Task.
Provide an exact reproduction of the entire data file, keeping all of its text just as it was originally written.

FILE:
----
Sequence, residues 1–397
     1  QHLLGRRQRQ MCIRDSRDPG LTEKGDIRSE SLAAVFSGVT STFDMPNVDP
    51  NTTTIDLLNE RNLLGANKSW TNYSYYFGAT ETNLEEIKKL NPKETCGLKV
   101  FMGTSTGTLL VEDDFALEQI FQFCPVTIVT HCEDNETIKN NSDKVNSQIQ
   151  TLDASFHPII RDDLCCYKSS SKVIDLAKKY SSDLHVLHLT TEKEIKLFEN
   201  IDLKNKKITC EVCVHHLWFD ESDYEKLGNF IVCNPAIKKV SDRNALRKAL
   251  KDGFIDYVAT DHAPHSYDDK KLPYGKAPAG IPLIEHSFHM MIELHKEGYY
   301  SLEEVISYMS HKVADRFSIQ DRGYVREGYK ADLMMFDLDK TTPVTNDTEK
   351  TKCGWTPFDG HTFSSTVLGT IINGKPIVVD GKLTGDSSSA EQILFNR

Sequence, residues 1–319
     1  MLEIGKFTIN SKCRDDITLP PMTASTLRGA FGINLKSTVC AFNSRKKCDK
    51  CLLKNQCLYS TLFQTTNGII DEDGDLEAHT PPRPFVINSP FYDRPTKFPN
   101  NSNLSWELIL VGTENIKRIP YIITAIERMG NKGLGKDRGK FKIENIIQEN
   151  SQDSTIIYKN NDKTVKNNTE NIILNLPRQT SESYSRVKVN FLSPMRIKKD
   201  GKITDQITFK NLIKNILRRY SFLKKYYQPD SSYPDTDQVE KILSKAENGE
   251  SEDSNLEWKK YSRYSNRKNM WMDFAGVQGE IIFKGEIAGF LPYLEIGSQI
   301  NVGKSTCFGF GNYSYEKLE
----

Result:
Sequence, residues 1–397
     1  QHLLGRRQRQ MCIRDSRDPG LTEKGDIRSE SLAAVFSGVT STFDMPNVDP
    51  NTTTIDLLNE RNLLGANKSW TNYSYYFGAT ETNLEEIKKL NPKETCGLKV
   101  FMGTSTGTLL VEDDFALEQI FQFCPVTIVT HCEDNETIKN NSDKVNSQIQ
   151  TLDASFHPII RDDLCCYKSS SKVIDLAKKY SSDLHVLHLT TEKEIKLFEN
   201  IDLKNKKITC EVCVHHLWFD ESDYEKLGNF IVCNPAIKKV SDRNALRKAL
   251  KDGFIDYVAT DHAPHSYDDK KLPYGKAPAG IPLIEHSFHM MIELHKEGYY
   301  SLEEVISYMS HKVADRFSIQ DRGYVREGYK ADLMMFDLDK TTPVTNDTEK
   351  TKCGWTPFDG HTFSSTVLGT IINGKPIVVD GKLTGDSSSA EQILFNR

Sequence, residues 1–319
     1  MLEIGKFTIN SKCRDDITLP PMTASTLRGA FGINLKSTVC AFNSRKKCDK
    51  CLLKNQCLYS TLFQTTNGII DEDGDLEAHT PPRPFVINSP FYDRPTKFPN
   101  NSNLSWELIL VGTENIKRIP YIITAIERMG NKGLGKDRGK FKIENIIQEN
   151  SQDSTIIYKN NDKTVKNNTE NIILNLPRQT SESYSRVKVN FLSPMRIKKD
   201  GKITDQITFK NLIKNILRRY SFLKKYYQPD SSYPDTDQVE KILSKAENGE
   251  SEDSNLEWKK YSRYSNRKNM WMDFAGVQGE IIFKGEIAGF LPYLEIGSQI
   301  NVGKSTCFGF GNYSYEKLE